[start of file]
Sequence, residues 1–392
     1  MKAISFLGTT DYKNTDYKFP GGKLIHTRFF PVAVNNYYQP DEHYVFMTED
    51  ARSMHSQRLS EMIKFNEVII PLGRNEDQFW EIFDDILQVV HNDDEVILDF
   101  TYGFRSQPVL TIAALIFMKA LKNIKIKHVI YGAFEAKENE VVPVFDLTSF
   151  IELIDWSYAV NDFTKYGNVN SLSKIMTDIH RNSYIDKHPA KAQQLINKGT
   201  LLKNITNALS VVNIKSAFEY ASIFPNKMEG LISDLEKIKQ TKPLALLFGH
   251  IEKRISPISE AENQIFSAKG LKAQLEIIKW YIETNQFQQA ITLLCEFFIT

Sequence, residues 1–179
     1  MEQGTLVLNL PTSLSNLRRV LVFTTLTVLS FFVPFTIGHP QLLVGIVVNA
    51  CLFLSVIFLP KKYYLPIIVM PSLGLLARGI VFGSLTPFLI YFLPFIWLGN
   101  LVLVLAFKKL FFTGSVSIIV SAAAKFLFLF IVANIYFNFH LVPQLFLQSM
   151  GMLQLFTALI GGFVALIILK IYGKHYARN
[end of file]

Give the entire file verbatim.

Sequence, residues 1–392
     1  MKAISFLGTT DYKNTDYKFP GGKLIHTRFF PVAVNNYYQP DEHYVFMTED
    51  ARSMHSQRLS EMIKFNEVII PLGRNEDQFW EIFDDILQVV HNDDEVILDF
   101  TYGFRSQPVL TIAALIFMKA LKNIKIKHVI YGAFEAKENE VVPVFDLTSF
   151  IELIDWSYAV NDFTKYGNVN SLSKIMTDIH RNSYIDKHPA KAQQLINKGT
   201  LLKNITNALS VVNIKSAFEY ASIFPNKMEG LISDLEKIKQ TKPLALLFGH
   251  IEKRISPISE AENQIFSAKG LKAQLEIIKW YIETNQFQQA ITLLCEFFIT

Sequence, residues 1–179
     1  MEQGTLVLNL PTSLSNLRRV LVFTTLTVLS FFVPFTIGHP QLLVGIVVNA
    51  CLFLSVIFLP KKYYLPIIVM PSLGLLARGI VFGSLTPFLI YFLPFIWLGN
   101  LVLVLAFKKL FFTGSVSIIV SAAAKFLFLF IVANIYFNFH LVPQLFLQSM
   151  GMLQLFTALI GGFVALIILK IYGKHYARN